Sometimes it takes a while to get back into routine after the holidays. I totally forgot a very important holiday that falls between Christmas and New Year's.
"[Hyenas] are very important to the health of the ecosystem," says Marion East of the Institute for Zoo and Wildlife Research in Berlin. "As scavengers, they clean up a huge amount of dead matter. As hunters, they probably help maintain the genetic health of the great herds."
We might be just a little OC about clean, to a point that if we downsized our carbon footprint to a triple extra-small, someone would still be at it with a wipe.
Environmental awareness starts at home. While our changing environment is a worldwide problem, most folks can do little to solve it on a global scale. Yet, if we break up the environment into smaller chunks, we can do something to change our personal environments: the quality of life in our homes and our cities. We can each take small steps that will result in an improvement. For instance, clean water.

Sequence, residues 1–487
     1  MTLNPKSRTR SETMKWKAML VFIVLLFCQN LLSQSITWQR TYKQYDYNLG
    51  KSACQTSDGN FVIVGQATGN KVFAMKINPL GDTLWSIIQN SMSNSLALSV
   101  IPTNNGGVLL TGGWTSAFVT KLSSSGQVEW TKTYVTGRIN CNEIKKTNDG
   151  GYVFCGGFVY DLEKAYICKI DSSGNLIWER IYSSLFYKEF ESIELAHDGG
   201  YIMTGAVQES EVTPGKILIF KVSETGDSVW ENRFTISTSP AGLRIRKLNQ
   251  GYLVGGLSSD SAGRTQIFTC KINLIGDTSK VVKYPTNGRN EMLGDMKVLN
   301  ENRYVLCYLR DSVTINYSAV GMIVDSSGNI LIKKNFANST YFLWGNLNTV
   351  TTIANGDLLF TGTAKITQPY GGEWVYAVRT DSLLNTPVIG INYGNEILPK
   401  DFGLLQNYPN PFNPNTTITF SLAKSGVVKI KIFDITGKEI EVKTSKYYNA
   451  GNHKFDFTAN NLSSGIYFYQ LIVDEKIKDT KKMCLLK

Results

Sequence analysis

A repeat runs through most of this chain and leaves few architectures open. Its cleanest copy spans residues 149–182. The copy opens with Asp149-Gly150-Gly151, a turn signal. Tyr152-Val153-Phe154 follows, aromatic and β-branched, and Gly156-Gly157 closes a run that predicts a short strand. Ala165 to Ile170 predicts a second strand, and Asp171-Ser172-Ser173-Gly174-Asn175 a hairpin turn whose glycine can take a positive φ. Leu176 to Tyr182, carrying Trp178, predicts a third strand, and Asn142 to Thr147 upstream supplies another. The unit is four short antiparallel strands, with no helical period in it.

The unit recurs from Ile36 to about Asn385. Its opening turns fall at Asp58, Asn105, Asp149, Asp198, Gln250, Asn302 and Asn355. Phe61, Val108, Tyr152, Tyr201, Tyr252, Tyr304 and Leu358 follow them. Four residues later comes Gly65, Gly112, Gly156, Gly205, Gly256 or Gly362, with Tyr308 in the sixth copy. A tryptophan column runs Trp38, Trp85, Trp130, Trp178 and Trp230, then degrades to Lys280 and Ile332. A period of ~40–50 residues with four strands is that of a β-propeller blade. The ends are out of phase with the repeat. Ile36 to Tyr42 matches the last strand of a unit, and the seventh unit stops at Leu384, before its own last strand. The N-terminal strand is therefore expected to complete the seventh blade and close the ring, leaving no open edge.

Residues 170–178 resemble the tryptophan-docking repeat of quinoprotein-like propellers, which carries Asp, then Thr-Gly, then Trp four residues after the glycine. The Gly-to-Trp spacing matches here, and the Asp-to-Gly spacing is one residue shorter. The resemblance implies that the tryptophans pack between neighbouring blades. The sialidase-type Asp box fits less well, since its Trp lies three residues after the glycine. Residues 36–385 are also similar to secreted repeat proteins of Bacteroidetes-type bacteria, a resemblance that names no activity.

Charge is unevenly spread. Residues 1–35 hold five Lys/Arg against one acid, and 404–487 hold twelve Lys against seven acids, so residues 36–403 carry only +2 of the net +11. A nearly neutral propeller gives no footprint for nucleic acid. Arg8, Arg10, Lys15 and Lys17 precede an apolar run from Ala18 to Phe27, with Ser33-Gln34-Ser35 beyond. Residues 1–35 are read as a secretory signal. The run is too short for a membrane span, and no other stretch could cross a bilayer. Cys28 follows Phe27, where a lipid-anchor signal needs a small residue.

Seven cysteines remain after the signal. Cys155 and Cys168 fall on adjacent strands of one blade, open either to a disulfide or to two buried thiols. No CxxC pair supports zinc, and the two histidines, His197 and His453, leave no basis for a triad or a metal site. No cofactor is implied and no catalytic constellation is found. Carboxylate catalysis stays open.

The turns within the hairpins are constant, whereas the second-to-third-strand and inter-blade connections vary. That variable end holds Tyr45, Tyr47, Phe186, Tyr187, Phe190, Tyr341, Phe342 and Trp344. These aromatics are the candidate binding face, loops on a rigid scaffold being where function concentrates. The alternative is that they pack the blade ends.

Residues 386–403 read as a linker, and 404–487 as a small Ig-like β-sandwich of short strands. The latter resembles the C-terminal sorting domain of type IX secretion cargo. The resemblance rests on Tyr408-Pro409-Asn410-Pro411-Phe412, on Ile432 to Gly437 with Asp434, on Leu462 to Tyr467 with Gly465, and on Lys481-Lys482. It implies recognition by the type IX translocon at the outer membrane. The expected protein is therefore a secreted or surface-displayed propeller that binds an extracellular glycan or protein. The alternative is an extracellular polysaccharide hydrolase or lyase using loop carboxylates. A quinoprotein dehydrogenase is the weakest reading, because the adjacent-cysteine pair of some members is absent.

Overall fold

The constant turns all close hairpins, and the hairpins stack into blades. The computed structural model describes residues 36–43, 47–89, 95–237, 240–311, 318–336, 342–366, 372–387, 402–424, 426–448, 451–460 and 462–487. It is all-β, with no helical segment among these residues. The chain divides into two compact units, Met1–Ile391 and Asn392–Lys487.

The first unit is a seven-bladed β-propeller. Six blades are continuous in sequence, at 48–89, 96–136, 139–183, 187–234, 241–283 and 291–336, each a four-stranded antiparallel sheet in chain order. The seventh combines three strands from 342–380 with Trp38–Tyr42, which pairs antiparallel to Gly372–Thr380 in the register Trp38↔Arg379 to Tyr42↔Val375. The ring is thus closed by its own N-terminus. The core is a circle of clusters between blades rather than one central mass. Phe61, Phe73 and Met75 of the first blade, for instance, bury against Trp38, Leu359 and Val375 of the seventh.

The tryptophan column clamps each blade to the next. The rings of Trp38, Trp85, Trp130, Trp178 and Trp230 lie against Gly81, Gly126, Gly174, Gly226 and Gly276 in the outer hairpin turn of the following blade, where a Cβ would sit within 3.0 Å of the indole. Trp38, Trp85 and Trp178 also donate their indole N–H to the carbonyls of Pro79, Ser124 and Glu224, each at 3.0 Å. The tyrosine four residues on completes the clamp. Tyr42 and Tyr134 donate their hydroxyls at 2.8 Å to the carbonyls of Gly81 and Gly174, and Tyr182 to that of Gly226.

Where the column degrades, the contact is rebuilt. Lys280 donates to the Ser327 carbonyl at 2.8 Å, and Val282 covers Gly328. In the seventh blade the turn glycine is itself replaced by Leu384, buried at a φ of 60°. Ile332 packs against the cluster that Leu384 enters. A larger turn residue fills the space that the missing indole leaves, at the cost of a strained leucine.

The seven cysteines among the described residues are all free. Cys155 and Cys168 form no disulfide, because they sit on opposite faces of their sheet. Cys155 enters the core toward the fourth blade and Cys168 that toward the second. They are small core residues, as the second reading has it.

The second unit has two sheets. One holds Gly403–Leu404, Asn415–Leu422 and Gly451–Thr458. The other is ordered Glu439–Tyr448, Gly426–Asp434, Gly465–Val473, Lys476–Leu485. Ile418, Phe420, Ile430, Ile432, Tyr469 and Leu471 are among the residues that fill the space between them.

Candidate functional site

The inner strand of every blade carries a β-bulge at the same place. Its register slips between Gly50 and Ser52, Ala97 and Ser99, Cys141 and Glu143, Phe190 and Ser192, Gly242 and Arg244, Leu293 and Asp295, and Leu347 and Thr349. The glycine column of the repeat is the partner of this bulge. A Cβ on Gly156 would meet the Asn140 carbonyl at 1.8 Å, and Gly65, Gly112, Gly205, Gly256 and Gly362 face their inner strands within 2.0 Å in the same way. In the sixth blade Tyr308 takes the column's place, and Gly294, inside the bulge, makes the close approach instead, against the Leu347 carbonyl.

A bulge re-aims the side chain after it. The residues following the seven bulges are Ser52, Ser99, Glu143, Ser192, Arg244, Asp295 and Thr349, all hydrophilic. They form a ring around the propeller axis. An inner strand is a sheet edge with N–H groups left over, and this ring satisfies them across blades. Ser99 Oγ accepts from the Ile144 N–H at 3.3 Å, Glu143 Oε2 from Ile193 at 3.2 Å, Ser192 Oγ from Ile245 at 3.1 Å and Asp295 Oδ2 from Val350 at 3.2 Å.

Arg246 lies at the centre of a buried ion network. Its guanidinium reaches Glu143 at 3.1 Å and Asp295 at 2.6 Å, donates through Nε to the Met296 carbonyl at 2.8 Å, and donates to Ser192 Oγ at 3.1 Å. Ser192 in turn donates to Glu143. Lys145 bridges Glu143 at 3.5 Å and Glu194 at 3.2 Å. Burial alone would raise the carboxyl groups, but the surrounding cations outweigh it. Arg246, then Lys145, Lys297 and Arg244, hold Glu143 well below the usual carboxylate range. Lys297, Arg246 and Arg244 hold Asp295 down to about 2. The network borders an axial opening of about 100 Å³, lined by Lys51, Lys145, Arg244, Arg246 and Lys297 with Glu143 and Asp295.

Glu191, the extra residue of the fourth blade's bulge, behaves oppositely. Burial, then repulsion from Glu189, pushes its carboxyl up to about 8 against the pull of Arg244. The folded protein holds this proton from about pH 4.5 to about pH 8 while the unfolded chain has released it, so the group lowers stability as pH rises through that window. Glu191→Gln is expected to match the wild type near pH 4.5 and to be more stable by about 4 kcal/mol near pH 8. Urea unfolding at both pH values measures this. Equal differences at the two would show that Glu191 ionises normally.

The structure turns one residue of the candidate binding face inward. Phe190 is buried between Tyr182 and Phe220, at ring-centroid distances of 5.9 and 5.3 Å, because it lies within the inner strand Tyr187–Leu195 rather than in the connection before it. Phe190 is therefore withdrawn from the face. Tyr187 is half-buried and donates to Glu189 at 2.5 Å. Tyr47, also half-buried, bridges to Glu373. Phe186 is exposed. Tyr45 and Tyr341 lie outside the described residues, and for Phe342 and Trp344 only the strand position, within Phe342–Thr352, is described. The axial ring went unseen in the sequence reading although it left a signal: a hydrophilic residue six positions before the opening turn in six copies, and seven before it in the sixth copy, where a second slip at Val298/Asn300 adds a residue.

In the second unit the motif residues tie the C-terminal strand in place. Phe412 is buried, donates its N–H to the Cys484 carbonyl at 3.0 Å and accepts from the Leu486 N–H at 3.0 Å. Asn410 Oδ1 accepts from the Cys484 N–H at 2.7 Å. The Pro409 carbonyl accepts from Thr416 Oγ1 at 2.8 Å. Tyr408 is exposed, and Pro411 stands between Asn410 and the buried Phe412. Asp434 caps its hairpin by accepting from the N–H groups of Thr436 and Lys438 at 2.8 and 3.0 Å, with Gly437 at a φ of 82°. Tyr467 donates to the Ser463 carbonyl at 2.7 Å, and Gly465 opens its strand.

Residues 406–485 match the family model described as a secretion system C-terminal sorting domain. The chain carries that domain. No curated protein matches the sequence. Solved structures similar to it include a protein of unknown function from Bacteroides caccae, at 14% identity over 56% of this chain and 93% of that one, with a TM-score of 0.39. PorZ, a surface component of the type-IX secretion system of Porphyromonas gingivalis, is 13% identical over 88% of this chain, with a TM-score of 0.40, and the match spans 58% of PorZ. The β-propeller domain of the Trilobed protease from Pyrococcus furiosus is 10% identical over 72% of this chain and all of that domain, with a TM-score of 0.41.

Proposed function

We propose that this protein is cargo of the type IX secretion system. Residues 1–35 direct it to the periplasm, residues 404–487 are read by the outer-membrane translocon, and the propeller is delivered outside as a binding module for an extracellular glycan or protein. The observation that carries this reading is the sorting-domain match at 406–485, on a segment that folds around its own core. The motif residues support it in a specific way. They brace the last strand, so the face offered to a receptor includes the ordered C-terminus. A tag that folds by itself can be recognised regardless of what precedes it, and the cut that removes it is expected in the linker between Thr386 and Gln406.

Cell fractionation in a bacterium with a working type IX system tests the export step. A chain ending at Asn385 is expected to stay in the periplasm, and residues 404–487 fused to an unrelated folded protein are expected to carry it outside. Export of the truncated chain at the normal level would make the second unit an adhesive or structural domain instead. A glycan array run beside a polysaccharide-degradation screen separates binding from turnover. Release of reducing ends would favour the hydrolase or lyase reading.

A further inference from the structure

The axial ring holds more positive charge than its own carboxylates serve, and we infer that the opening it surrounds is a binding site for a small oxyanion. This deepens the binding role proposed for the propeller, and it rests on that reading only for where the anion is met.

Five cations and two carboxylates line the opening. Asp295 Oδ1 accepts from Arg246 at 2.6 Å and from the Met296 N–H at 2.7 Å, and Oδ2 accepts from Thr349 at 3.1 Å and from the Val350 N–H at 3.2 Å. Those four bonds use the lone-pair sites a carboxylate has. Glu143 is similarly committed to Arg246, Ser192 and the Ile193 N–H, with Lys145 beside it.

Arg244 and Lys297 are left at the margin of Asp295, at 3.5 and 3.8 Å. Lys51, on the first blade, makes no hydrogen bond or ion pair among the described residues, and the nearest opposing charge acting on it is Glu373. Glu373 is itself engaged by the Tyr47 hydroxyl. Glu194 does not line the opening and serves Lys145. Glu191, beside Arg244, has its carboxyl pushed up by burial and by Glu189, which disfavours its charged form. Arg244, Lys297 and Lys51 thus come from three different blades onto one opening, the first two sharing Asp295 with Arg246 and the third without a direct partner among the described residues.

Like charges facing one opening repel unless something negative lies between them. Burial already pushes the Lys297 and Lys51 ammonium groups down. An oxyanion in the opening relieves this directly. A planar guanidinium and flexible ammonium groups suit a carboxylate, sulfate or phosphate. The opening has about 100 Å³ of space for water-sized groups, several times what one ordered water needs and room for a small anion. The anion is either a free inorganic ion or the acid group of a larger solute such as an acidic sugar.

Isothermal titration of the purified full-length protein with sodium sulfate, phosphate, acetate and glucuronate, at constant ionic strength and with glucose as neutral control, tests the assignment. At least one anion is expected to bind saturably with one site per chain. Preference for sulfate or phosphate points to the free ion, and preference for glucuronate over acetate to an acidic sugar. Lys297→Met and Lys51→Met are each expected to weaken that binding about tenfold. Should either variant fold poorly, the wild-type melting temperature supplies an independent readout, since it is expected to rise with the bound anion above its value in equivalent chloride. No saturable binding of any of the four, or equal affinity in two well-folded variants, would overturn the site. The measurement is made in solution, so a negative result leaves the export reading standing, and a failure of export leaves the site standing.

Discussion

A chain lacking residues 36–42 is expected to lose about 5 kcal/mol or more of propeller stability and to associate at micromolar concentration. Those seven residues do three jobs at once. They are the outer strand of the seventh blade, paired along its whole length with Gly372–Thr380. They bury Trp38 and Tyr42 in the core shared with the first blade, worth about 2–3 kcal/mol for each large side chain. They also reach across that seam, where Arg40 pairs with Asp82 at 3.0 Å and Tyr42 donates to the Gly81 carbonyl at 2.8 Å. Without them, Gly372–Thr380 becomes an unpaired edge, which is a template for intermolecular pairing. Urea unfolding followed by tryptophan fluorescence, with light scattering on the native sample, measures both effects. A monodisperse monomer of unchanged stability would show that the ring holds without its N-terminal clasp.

We used to talk about global warming, but that, of course was a terrible misnomer. Warming, as I understand it, is happening in the oceans and and playing havoc with the world's weather systems. We can see that in the number and strength of hurricanes and tornadoes in recent years.
"Wait! They're backing out… oh no, they're waiting!"
"There's a spot over there… oh no, they beat us to it!"
Before we brought home our Airedale puppy, Bailey. We researched dog breeds to be sure our puppy had the right temperament, the right health requirements, and that he would grow to the right sized dog. One thing we didn't research is how quickly poo can pile up from one little puppy. The EPA estimates that one dog can excrete 274 pounds of waste per year, depending on what and how much the dog eats. We think Bailey reached that limit in his first 6 months!